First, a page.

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The Core (**)
Directed by Jon Amiel
Written by Cooper Layne and John Rogers
Principal Cast
Aaron Eckhart -- Dr. Josh Keyes
Hilary Swank -- Major Rebecca 'Beck' Childs
Stanley Tucci -- Dr. Conrad Zimsky
Delroy Lindo -- Dr. Ed 'Braz' Brazzelton
Tchéky Karyo -- Dr. Serge Leveque
Richard Jenkins -- General Thomas Purcell
Alfre Woodard -- Talma Stickley
DJ Qualls -- Taz 'Rat' Finch
Bruce Greenwood -- Commander Robert 'Bob' Iverson
Ratings
Ratings are based on Rick's four star system.
One star - the commercials are more entertaining than the viewing.
Two stars - watch if you have nothing better to do.
Three stars - good solid entertainment.
Four stars - you never dreamed viewing could be this good.
Past Feature Reviews
A review by Rick Norwood

The Core If you thought space travel was boring, try burrowing through the earth.

The movie begins well. It acknowledges how far away the core of the earth is, especially compared with the few miles humans have ever drilled, and how hot it is, at what terrific pressure. The first twenty minutes, while not realistic, convey the impression of realism, though the less you know about science and scientists the more convincing it will be. It reminded me of the first twenty minutes of Fantastic Voyage.

The space shuttle crash is the best thing in the film. It was handled by a different special effects team, not the one that did the underground effects. But the underground effects really aren't bad.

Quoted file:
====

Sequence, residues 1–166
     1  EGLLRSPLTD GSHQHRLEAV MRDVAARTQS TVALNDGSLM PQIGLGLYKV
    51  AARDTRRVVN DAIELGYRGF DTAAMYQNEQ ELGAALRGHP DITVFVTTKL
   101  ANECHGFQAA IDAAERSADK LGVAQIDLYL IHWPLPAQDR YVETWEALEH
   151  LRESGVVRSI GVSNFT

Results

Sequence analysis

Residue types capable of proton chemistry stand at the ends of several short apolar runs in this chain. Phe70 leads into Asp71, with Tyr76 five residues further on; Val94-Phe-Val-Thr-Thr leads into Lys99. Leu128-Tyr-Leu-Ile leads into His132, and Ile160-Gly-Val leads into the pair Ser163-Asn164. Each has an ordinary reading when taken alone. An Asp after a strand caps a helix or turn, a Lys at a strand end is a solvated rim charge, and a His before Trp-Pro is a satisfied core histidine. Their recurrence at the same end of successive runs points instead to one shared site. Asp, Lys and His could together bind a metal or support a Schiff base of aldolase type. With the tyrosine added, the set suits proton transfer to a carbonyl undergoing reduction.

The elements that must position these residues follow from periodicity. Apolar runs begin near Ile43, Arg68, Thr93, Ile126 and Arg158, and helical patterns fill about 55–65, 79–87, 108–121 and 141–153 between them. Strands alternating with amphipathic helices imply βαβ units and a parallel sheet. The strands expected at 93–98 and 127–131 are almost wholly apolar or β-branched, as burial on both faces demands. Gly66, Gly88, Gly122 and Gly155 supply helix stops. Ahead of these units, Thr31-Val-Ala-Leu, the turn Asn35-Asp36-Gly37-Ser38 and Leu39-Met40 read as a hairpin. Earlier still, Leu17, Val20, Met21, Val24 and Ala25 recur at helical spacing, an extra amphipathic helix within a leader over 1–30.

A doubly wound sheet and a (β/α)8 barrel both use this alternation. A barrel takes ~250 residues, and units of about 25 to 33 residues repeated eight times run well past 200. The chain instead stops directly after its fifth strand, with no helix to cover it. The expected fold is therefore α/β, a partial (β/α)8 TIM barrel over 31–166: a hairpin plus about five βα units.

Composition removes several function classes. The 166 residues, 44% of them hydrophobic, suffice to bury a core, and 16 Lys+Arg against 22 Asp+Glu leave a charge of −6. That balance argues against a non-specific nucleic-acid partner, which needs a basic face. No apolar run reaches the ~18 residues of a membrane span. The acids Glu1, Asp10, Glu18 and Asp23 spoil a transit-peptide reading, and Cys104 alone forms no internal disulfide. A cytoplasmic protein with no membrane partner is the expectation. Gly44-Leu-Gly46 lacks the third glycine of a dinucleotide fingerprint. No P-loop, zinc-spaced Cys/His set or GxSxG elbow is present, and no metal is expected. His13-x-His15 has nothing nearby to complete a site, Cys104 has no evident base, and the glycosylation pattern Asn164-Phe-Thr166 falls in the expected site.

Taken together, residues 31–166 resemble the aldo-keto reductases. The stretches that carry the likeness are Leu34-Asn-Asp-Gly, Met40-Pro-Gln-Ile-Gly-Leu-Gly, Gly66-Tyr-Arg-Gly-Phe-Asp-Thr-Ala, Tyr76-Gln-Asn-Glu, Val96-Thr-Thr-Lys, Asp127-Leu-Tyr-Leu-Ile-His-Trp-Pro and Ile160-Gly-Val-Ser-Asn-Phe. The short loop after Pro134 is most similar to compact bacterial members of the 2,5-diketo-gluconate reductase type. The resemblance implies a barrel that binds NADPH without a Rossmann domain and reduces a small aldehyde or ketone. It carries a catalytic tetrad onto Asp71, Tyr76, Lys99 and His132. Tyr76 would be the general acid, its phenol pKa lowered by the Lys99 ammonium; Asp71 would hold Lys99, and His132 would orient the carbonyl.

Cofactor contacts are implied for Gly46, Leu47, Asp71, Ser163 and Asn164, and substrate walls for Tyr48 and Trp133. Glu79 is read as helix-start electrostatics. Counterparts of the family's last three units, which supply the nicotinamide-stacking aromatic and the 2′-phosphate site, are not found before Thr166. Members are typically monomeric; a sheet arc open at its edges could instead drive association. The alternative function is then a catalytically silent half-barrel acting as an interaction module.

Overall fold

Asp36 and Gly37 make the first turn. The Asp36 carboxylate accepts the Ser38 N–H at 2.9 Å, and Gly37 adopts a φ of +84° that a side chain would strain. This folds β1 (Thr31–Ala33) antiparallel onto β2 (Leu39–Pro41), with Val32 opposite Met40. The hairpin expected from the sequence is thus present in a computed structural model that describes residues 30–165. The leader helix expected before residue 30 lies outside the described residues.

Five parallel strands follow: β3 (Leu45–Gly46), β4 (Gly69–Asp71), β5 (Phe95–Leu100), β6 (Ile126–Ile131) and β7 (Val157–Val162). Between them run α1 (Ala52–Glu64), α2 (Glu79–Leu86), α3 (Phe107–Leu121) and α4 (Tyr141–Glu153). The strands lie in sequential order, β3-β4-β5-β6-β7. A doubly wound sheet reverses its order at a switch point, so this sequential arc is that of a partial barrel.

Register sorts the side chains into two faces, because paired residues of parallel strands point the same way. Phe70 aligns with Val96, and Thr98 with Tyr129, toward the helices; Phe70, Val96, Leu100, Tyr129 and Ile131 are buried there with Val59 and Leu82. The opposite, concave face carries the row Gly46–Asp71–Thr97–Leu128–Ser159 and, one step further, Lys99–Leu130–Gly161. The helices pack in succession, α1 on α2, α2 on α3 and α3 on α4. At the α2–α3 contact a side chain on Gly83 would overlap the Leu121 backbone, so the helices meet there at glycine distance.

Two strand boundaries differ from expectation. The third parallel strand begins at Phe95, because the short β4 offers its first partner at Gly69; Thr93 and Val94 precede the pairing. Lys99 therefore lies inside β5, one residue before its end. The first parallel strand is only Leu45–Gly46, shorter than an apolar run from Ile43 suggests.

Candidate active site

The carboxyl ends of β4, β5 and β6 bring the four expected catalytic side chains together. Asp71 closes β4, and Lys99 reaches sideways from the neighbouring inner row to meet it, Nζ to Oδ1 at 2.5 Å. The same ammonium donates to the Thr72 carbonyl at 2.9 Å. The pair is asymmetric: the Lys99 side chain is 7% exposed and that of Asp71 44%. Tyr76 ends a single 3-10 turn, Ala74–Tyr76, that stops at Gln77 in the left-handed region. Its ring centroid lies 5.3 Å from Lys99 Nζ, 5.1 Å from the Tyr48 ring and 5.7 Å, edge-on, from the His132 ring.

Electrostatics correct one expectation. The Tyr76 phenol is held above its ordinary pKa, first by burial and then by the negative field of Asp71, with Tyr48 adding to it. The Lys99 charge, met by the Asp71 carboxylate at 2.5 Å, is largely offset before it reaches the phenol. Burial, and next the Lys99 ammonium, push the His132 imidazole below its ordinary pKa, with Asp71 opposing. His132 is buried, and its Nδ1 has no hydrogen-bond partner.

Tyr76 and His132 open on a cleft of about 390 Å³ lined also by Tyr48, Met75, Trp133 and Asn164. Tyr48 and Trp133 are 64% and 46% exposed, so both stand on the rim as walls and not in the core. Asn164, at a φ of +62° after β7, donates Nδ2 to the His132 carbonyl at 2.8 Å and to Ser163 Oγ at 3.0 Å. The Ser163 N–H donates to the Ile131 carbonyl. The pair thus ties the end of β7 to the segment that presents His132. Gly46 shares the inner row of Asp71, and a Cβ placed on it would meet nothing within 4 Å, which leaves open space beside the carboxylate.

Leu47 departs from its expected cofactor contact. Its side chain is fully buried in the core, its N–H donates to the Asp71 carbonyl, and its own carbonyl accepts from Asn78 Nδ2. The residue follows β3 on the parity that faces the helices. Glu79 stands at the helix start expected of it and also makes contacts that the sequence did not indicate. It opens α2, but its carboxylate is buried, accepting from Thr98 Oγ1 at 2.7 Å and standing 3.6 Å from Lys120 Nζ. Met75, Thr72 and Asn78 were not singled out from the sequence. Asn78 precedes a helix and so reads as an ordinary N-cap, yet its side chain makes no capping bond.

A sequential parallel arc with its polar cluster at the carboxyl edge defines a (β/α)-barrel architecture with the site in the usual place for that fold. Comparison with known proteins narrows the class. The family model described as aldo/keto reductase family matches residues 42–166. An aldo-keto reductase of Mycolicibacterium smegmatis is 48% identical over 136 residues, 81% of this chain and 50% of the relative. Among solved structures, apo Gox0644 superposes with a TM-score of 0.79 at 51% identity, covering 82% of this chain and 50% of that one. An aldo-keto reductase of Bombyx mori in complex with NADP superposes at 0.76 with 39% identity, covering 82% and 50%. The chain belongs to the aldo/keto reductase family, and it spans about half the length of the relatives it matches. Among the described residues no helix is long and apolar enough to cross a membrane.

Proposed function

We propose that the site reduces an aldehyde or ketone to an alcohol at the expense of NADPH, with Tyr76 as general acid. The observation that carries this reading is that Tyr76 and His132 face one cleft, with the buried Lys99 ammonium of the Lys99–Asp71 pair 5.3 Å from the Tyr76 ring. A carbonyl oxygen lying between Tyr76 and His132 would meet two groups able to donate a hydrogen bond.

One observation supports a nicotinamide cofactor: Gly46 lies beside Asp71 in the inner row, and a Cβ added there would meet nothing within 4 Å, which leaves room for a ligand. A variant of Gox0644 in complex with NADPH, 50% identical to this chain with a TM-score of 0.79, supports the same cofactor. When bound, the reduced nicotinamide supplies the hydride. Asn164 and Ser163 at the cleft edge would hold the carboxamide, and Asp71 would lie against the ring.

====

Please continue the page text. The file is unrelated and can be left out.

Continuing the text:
The trouble is that a trip underground by definition lacks scenery. If you are going to be at all realistic, absolutely nothing is going to happen (unless everybody dies, and that would take less than a second). And so the writers, wisely, jettison realism in favor of having a few adventures. Unfortunately, they don't jettison realism completely enough, and so the deeper we go, the more boring the movie gets. No pun intended. Their first adventure, inside a giant geode located halfway to the core, is the best. I have to admire how hard the writers worked to come up with something to liven up the story. But the adventures become increasingly contrived, and the film is replete with title cards that say "12 hours later" or "4 hours later."

Jules Verne and Edger Rice Burroughs had it right. If you are going to write a story about a journey to the center of the earth, there had better be some dinosaurs down there.

Copyright © 2003 Rick Norwood

Rick Norwood is a mathematician and writer whose small press publishing house, Manuscript Press, has published books by Hal Clement, R.A. Lafferty, and Hal Foster. He is also the editor of Comics Revue Monthly, which publishes such classic comic strips as Flash Gordon, Sky Masters, Modesty Blaise, Tarzan, Odd Bodkins, Casey Ruggles, The Phantom, Gasoline Alley, Krazy Kat, Alley Oop, Little Orphan Annie, Barnaby, Buz Sawyer, and Steve Canyon.


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